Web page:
Hunt for Suspects In Embassy Bombings Elicits Anger in Kenya
Friday, August 15, 2008
MALINDI, Kenya -- Almost 10 years to the day after the U.S. Embassy bombings in Kenya and Tanzania, dozens of Kenyan anti-terrorism police busted their way into two homes in this sleepy resort town on the Indian Ocean.
The early-morning raids on Aug. 3, including one based on information from FBI agents, produced a frenzy of front-page headlines and some boasting on the part of Kenyan authorities, who cast the operations as evidence of their hot pursuit of terrorist sympathizers.
But the raids did not turn up the intended target: al-Qaeda operative Fazul Abdullah Mohammed, considered the chief organizer of the embassy bombings and a 2002 attack on a hotel near here. Mohammed is a man with more than 15 aliases who has been in Kenyan custody twice and targeted by U.S. airstrikes across the border in Somalia -- only to slip away again and again.
Over the years, the pursuit of Fazul and two other suspects in the embassy bombings has enraged Kenyan Muslims, who have complained of being harassed by Kenya's U.S.-funded anti-terrorism unit. In Somalia, the American military has carried out six airstrikes. The only target confirmed dead in the strikes is Aden Hashi Ayro, the leader of a Somali insurgent faction described by U.S. officials as a top al-Qaeda commander who aided the embassy bombing suspects. Many civilians have also been killed in the strikes, drawing criticism that the tactic is inspiring radical Islamist insurgents in that fragile country.
"The pursuit of these four suspects has had a huge impact in the Horn of Africa," said Ali Said, director of the Center for Peace and Democracy, based in the Somali capital of Mogadishu. "They always say, 'We almost found him!' But then they don't find him. After a decade, they are still after these suspects, still bombing the wrong places, killing cows and camels and herders and arresting the wrong people. . . . The whole community is paying the price."
The latest raids aroused suspicion among Kenyans for their timing, so close to the anniversary of the 1998 embassy bombings, which killed more than 200 people in Nairobi and 11 in Dar es Salaam, the Tanzanian capital.
Several human rights activists and a U.S. official familiar with the situation suggested that the Kenyan anti-terrorism unit, which has been called ineffective, essentially staged the raids and then leaked an embellished story to the news media to justify continuation of its U.S. funding.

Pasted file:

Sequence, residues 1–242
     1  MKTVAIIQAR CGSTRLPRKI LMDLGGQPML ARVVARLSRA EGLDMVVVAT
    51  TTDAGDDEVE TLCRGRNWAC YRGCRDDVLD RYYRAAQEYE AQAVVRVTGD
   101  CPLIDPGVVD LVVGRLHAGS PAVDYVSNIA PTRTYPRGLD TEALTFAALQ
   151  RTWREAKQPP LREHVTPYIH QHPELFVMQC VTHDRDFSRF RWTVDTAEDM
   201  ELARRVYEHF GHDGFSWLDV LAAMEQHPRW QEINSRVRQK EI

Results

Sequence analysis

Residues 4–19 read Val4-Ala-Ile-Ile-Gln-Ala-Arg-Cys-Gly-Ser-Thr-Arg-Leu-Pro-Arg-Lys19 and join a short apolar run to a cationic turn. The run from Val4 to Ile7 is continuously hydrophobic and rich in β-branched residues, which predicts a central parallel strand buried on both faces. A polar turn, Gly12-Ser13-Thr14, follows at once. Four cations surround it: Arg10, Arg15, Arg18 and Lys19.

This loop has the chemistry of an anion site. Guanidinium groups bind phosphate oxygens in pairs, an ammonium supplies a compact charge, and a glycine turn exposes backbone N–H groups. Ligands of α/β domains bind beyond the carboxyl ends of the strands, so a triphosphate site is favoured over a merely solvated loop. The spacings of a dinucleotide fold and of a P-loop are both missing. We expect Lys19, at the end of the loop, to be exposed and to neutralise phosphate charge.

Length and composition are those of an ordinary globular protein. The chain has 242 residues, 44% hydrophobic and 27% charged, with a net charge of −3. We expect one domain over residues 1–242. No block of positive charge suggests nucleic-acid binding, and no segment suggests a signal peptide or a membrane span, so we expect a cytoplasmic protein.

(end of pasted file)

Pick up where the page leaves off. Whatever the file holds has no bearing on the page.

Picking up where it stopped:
"They want to create the impression that Fazul has a huge network in Kenya so they can merit more resources," said Ali-Amin Kimathi, chairman of the Muslim Human Rights Forum who has tracked the anti-terrorism unit's activities for years.
Though hundreds of Kenyans have been arrested on suspicion of terrorist activities, only one has been successfully tried in court, he said. At least 85 people from 17 countries, including 15 Kenyan citizens, have been sent to Ethiopia without charge or access to lawyers, and many say they have been tortured in Kenyan and Ethiopian custody. As of late last year, at least 40 were still being held in Ethiopia, a key U.S. ally in the region. One Kenyan citizen has been transferred to the U.S. military prison at Guantanamo Bay, Cuba.
But U.S. and Kenyan authorities say their work has weakened al-Qaeda's operations in East Africa and that Fazul only narrowly escaped this time.
"We were this close," said Elijah Karia, the anti-terrorism unit chief in this area, pressing his fingers together. "He must have felt our wind."
U.S. Embassy and FBI officials in Kenya declined to comment on the operation, but an American official briefed on it said the FBI had been monitoring several cybercafes here for months. The official, who spoke on the condition of anonymity, said agents had focused on one cafe and Ibrahim Mahfudh Ashur, a young man who had allegedly been communicating with Fazul.